Derek Warwick & Brian Henton, 1980

Here are the Toleman drivers in the team truck during their successful European Formula 2 campaign. “In many ways it was my favourite year in motor sport,” says Les. “Toleman was such a great family, and Derek acknowledges how much he learnt from Brian, who was among the very best test drivers.”

Derek Warwick and Brian Henton in 1980


Helen and Paul Stewart at Brands Hatch in 1971

Helen and Paul Stewart, Brands Hatch, 1971

Smiles for Helen Stewart, wife of Jackie, and their son Paul at the Victory Race. The day ended in tragedy when Jo Siffert was killed in his BRM. Given where they are looking, mother and son might well be watching the presentations for the Jack Brabham Trophy race earlier in the day.


Stirling Moss in BP Formula 3 car at Thruxton in 1983

Stirling Moss, Thruxton, 1983

The ubiquitous Herbert Johnson crash-helmet is totally out of period in a BP-sponsored Formula 3 car for a promotional photo shoot at Thruxton. “Stirling and Fangio were both with BP in the 1950s,” says Les. “I loved my time with Stirling and Susie. It was a privilege to work with Stirling – the epitome of loyalty and integrity. So rare today.”


Start of the 1968 International Trophy at Silverstone

Silverstone, 1968

From nearest: Denny Hulme, Mike Spence, Bruce McLaren and Pedro Rodríguez form an all-McLaren and BRM front row at the International Trophy in April, following a poignant silence in memory of Jim Clark, who’d died earlier that month. Hulme and McLaren would score a team 1-2 in their M7As, world champion Denny recovering from a stone smashing his goggles and cutting an eyebrow to beat his team leader.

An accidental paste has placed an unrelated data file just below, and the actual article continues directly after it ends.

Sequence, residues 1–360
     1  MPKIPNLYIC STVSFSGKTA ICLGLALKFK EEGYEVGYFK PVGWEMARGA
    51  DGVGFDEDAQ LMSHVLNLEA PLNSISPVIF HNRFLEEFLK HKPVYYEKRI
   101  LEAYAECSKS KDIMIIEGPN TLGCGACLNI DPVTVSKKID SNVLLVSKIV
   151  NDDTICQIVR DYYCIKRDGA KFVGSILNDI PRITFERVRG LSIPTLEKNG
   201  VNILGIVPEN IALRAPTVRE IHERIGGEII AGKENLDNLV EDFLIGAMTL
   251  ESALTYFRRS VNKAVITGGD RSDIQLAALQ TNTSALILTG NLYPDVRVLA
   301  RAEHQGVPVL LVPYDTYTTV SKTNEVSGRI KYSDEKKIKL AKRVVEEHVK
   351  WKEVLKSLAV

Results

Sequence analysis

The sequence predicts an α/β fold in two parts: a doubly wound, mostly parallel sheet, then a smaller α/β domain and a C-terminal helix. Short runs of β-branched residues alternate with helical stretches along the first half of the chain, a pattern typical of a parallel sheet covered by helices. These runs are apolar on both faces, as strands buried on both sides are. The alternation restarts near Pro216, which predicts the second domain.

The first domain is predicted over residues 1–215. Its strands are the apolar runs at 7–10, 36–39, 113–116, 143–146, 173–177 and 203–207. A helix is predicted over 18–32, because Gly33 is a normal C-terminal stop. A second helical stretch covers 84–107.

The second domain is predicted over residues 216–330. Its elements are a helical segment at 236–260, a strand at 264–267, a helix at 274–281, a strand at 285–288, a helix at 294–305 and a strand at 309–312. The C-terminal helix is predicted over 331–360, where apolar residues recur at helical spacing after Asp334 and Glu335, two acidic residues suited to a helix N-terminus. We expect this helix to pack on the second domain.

Chris Amon at Brands Hatch in 1968 Chris Amon and Frank Williams in 1972

Chris Amon, Brands Hatch, 1968

Moments after finishing second to Jo Siffert in the 1968 British GP, Chris Amon was grabbed by Piero Lardi, left, much later to be recognised as Enzo Ferrari’s son and today, as Piero Ferrari, vice-chairman of the Maranello car company.


Chris Amon & Frank Williams,
Brands Hatch, 1972

Frank Williams had hired Amon to drive his Len Bailey-designed Politoys FX3 in the end-of-season World Championship Victory Race, following the car’s unhappy summer debut at the British GP when Henri Pescarolo crashed after a mechanical failure. Amon qualified well off the pace and retired with engine trouble in the race. “Chris is obviously telling Frank, who I remember as an incredibly courteous man, what he thinks of the Politoys!” says Les.


Francois Cevert and Jackie Stewart

François Cevert & Jackie Stewart, Brands Hatch, 1971

“These two were acting as pitcrew for their boss ‘Chopper’ Ken Tyrrell in the Jack Brabham Trophy team managers’ race run in Ford Escort Mexicos,” recalls Les. Colin Chapman looked to have Jack Brabham beaten after a masterful pass on the last lap, only for his Escort to gasp on the run to the line, allowing Jack to claim his own trophy. A wayward Frank Williams and March’s Max Mosley also starred, but Ken was well off the pace…


Peter Revson at Brands Hatch in 1974

Peter Revson, Brands Hatch, 1974

This moody portrait of the American driver was taken at the Race of Champions just days before he died in a practice accident driving for Shadow at Kyalami. “A lot of people looked upon him because of his name and background as a bit of playboy [his father was co-founder of cosmetics brand Revlon],” Les says. “But he was a good driver, top class. I knew Shadow owner Don Nichols very well. He often used to stay at our home when he was in Europe.”